I spent the winter making two FT4's and I had 5 originals to choose from in order to make the pattern. They were all bent. I chose the least bent and it was .25" off to the right in two feet. I was able to machine the casting so that this deviation disappeared. I concluded that most of the bends were due to sidecar work. The casting just is not designed to take the loads imposed by a sidecar without bending. All were bent between the head lug mount and the steering stem. All of these bikes were US bike and probably should not have done sidecar work, but it could also be minor crash damage. However, if they are all bent, or mostly bent, then it seems that we are not all suffering from disastrous consequences. So, I would not be too upset.

I would remove the steering head (the warranty has lapsed, just don't tell Bill) and do some measurements. Your bend looks quite different than what I was seeing. It looks like the twisting was clockwise along the rake axis. The ones I looked at were on a horizontal axis, namely, put the steering stem part in a vice and put a bar through the sidecar lug and jump on it. You may have some of both.

You can do some rough measurements on the milling table. I assume you have an "Outy" UFM, that is, the steering lug grips the head lug from the outside and you use the solid head lug. You will have to space the FT4 so that neither the head lug mounts or the gas tank mounts are touching the table. The machined surface you want is the five oil tank mounts, or three mounts with five holes. You will have to take out the bearings. Make some washers to go in the bearing pockets and put a hole in the center to match your ground drill rod. I used 7/8". I used a stop in the chuck and moved the table from one end of the drill rod to the other to see the variation on the quill.

I think once you overcome the disappointment you will see that you can do some repairs and get the steering axis somewhere close to the centerline of the five holes. I think this is all you need. you may have to weld and tap an new hole for the gas tank mount, but you will have fixed the geometry already and this would be a cosmetic fix.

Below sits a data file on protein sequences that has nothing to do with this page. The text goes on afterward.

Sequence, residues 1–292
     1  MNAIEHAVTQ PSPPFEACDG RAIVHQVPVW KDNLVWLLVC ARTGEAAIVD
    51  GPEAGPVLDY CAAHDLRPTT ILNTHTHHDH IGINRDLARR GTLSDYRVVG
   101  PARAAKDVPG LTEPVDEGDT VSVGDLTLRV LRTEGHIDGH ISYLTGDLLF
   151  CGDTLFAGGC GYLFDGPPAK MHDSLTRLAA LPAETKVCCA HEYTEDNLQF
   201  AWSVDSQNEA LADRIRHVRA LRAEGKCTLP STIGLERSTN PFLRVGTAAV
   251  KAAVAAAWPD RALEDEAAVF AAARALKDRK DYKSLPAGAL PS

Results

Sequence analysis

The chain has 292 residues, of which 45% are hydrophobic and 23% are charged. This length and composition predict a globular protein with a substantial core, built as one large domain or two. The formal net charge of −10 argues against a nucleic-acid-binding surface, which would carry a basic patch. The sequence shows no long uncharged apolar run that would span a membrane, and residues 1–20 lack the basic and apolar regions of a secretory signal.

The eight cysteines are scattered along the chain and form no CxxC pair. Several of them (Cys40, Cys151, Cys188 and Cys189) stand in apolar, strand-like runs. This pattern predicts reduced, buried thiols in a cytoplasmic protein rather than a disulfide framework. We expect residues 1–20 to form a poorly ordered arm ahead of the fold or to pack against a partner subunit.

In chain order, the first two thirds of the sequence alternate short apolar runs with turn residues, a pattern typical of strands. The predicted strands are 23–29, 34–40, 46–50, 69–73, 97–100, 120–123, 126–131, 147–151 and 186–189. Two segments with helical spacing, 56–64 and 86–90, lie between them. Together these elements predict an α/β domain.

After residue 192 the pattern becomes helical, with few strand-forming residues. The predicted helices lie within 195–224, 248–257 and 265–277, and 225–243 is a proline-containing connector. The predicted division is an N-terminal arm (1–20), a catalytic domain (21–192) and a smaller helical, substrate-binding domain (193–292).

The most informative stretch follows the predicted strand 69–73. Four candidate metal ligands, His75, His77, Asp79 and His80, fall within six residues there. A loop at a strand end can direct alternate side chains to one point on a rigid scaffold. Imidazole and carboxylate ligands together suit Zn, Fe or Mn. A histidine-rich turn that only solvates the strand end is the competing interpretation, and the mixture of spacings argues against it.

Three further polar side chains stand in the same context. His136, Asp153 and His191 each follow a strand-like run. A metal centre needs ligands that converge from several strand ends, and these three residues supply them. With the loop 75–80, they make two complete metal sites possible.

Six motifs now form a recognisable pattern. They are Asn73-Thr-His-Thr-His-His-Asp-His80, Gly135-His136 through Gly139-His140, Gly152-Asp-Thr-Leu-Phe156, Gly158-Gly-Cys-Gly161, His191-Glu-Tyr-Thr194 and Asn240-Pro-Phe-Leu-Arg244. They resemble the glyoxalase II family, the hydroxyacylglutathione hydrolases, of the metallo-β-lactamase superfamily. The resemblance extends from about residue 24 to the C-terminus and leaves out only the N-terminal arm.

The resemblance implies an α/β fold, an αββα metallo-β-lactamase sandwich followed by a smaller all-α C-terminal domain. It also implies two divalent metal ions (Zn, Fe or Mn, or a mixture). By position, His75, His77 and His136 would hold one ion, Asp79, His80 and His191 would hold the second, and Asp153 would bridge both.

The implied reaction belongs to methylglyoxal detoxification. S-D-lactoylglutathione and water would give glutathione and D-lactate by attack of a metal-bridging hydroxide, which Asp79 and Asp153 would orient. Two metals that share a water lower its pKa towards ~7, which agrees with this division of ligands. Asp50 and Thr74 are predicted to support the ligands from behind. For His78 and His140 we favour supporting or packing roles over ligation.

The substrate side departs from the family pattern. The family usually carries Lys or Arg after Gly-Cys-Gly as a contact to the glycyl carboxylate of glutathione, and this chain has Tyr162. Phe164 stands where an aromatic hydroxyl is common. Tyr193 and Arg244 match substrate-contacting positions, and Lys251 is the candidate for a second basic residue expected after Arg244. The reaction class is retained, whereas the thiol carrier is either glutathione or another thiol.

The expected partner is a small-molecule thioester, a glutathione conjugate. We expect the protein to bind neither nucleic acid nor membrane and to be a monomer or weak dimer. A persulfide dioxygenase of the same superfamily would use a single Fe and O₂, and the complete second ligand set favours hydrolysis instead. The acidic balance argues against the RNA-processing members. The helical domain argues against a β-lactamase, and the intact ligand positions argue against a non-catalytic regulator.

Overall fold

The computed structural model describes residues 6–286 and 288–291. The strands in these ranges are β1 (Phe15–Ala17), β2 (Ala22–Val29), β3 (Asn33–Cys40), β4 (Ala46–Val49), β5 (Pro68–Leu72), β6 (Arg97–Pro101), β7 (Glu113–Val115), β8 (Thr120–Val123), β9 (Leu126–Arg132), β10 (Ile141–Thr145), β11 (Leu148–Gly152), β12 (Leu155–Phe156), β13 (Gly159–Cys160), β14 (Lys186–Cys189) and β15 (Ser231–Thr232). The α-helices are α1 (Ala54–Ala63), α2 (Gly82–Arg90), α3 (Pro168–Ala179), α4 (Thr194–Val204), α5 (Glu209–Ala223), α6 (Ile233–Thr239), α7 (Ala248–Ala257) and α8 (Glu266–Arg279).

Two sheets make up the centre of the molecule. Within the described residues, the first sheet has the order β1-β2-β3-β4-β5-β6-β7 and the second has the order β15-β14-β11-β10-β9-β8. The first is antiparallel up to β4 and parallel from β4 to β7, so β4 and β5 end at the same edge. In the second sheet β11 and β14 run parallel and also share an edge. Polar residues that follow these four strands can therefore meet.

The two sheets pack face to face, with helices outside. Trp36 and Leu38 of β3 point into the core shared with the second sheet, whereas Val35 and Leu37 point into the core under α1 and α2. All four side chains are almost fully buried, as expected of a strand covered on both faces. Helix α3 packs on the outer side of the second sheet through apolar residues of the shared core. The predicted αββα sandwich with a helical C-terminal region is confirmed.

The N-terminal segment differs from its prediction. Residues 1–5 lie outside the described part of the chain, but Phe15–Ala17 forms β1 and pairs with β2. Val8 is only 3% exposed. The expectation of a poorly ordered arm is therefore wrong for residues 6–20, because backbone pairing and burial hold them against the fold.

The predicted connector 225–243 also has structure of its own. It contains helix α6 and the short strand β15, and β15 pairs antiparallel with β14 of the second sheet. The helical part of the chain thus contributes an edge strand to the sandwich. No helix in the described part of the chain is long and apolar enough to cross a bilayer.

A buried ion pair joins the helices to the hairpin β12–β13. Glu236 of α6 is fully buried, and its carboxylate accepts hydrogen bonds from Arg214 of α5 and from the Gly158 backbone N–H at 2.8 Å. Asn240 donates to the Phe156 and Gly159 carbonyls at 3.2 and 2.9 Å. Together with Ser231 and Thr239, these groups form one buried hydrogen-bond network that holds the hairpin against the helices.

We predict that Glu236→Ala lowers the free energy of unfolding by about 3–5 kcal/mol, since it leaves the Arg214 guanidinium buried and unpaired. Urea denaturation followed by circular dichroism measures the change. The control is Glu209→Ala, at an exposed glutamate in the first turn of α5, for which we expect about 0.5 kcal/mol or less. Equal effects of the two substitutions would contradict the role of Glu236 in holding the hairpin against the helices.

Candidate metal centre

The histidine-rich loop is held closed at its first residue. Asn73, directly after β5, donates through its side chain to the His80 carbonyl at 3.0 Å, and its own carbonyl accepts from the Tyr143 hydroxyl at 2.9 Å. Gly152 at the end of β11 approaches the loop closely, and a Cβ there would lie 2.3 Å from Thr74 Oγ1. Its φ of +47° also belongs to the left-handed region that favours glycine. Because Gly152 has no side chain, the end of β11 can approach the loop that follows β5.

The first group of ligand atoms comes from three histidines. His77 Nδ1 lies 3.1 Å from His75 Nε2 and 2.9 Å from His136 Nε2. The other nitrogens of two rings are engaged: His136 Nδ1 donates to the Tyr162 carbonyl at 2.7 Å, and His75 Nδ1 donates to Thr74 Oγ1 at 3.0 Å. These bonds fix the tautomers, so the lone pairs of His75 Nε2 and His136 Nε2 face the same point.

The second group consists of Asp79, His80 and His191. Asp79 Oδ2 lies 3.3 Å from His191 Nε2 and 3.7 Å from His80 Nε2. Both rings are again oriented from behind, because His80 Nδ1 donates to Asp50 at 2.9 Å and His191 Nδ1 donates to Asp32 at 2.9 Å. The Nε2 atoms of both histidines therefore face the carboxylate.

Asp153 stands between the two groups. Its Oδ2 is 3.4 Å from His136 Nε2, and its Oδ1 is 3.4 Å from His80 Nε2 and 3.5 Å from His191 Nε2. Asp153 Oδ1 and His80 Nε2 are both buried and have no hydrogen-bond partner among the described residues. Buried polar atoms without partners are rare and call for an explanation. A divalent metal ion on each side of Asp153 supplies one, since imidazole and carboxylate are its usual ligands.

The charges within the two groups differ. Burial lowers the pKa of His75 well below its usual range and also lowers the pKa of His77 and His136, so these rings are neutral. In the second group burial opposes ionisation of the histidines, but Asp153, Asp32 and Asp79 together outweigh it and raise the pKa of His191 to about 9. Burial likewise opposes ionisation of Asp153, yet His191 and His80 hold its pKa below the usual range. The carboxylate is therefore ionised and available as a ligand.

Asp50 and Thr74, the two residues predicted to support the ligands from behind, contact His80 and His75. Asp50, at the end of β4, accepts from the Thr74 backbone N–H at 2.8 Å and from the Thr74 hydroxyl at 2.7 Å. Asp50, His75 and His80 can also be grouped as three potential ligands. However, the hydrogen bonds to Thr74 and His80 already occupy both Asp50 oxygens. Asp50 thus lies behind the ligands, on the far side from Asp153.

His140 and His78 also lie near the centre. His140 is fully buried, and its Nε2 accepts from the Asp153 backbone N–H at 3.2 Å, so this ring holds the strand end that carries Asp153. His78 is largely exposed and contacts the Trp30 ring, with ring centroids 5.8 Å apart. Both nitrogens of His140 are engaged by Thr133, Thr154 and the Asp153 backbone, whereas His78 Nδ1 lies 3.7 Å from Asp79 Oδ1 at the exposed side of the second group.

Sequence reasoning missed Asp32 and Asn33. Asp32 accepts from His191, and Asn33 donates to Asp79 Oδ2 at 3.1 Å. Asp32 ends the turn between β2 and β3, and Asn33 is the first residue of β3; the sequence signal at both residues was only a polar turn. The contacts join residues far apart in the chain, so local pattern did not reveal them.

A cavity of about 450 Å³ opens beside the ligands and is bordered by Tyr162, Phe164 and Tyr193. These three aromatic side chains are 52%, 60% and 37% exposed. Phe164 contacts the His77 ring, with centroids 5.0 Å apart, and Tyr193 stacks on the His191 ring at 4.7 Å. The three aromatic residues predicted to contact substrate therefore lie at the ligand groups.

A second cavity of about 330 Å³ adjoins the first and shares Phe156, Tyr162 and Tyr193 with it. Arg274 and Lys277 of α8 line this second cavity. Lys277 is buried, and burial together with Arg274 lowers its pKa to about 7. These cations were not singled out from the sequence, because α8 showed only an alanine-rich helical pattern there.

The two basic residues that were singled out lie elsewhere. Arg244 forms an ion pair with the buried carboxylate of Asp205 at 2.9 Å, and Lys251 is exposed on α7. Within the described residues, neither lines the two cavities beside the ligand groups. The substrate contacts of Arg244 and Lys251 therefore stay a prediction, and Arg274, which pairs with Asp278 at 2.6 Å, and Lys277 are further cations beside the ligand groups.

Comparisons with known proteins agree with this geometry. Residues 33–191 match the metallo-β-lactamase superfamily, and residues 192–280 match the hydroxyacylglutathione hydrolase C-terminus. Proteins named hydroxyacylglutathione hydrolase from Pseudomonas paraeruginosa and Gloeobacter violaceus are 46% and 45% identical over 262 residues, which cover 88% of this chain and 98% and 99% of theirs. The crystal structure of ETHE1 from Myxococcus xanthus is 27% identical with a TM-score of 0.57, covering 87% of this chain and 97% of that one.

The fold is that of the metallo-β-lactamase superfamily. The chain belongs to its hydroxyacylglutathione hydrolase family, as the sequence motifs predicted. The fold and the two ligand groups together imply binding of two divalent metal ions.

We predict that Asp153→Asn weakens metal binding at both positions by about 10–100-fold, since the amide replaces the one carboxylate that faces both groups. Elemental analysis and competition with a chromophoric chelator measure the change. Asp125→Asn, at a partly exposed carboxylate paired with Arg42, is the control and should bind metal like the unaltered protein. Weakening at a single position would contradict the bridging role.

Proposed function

All of the above is based on the assumption that the gas tank is not strong enough to move that mount hole by itself even in an accident and that the casting has been bent. Once you have it out you can examine it more closely and hope for an easier answer.

David
 

Oldhaven

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VOC Member
Hi David,

On closer examination I have found what may be some indication of a prang. One of the steering stops is bent on the correct side to produce this twist. I will post some pictures later. In the meantime, thanks for the encouragement. I am sure it can be salvaged. Before I do too much I have a lead on the correct matching UFM for my engine. It is number 3144 and was on ebay in 2008 listed by a cycle shop in Ontario. It has not turned up on a club registered machine since then, so it may be on someones shelf. I will talk to the shop owner tomorrow. If any of our Ontario or Canadian section members has a line on it it could be my best solution, though from what you say, it may be bent too.

Ron
 

Bill Thomas

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VOC Member
Hello Ron, Another thing to check, If you think it had a crash, Is the roundness where the steering head bearing cups go, I know a bloke who went too fast on the race track and the lock stops got a right bashing, It stretched the holes where the cups go, Ok, It was me !! Cheers Bill.
 

Oldhaven

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VOC Member